A catalytic group situated on a rotaxane can be switched on or off by altering where the macrocycle sits

UK chemists have designed an organocatalyst that can be mechanically switched on and off simply by changing the pH. Similar activation-deactivation could be achieved for a wide range of related catalysts using a variety of external triggers, the researchers suggest, including stimuli such as light, temperature or electrical potential. The work opens the possibility of constructing complex sequential catalytic pathways for syntheses involving multiple switchable catalysts.

The catalyst is based on a rotaxane - a mechanically locked molecular architecture consisting of an axle threaded through a macrocycle which is free to shuttle along the axle. Bulky stopper groups at either end of the axle prevent the macrocycle from escaping. The team at Edinburgh University, led by David Leigh, synthesised a rotaxane which incorporates a dibenzylamine/ammonium moiety - a well-characterised type of organocatalyst - in the centre of the axle. Part way down each side of the axle is a triazolium ring. 


Source: © Wiley-VCH

A change in pH can move the macrocycle along the axle, turning catalysis on and off

In acidic conditions, when the rotaxane is protonated, the macrocycle’s preferred binding site is the ammonium group in the centre of the axle. Under these conditions, the macrocycle conceals the central, catalytic region of the axle, rendering the molecule non-catalytic. However, when the molecule is not protonated, the macrocycle prefers to bind at one or other of the triazolium sites - exposing the central portion of the axle and permitting catalysis. The team showed that Michael addition of a thiol to cinnamaldehyde could be catalysed by the rotaxane in its deprotonated state, but not when it was protonated. Deprotonation was achieved simply by introducing sodium hydroxide to raise the pH.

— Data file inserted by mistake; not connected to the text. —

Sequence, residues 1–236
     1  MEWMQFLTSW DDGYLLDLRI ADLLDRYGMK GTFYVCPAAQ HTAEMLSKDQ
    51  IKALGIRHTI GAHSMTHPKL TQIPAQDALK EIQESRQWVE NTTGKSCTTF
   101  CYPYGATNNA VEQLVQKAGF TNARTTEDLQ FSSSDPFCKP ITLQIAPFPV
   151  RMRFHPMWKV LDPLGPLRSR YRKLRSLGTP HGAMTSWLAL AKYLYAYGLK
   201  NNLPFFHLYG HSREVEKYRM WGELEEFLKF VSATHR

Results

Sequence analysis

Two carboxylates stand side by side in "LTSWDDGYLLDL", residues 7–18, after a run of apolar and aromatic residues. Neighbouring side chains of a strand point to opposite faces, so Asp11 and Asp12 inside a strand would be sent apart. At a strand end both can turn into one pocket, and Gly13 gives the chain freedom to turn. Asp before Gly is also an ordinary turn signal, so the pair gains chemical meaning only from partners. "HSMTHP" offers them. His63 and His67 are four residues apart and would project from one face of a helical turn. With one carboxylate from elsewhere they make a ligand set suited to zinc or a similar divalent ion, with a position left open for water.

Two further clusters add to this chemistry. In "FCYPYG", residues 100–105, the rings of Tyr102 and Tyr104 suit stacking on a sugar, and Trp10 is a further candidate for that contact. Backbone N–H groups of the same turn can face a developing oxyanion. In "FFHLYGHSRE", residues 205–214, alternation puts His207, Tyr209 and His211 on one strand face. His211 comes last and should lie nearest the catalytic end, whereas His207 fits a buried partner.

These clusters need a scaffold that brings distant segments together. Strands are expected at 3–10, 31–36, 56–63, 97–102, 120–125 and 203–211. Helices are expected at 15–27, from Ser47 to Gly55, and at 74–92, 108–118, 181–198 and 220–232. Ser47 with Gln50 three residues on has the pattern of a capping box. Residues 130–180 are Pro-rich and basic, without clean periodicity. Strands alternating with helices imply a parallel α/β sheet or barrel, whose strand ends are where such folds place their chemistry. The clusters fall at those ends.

’There are many different catalytic groups that one could put into the axle, and many different ways of switching the position of the ring in rotaxanes, such as by light, electricity or temperature,’ Leigh says. ’This gives us the possibility of assembling common building blocks in a controlled order by switching different catalysts on and off at different times. We have already started to put other catalytic groups in the axles and use other sorts of stimuli for the switching.’

’The demonstration of an organocatalyst which can be switched off and on at will by applying acid and base alternatively shows the power of molecular design and constitutes an elegant example of catalytic activation/deactivation using a mechanically interlocked molecule in the shape of a molecular shuttle,’ says Fraser Stoddart of Northwestern University, US, who pioneered rotaxane chemistry. ’The integration of mechanical movement and catalysis with chemical stimuli takes us a step closer to using integrated molecular systems to influence chemical reactivity. This achievement begs the question - what are the chances of imposing a new brand of stereoelectronic control on the Michael reaction using mechanically interlocked catalysts?’

Simon Hadlington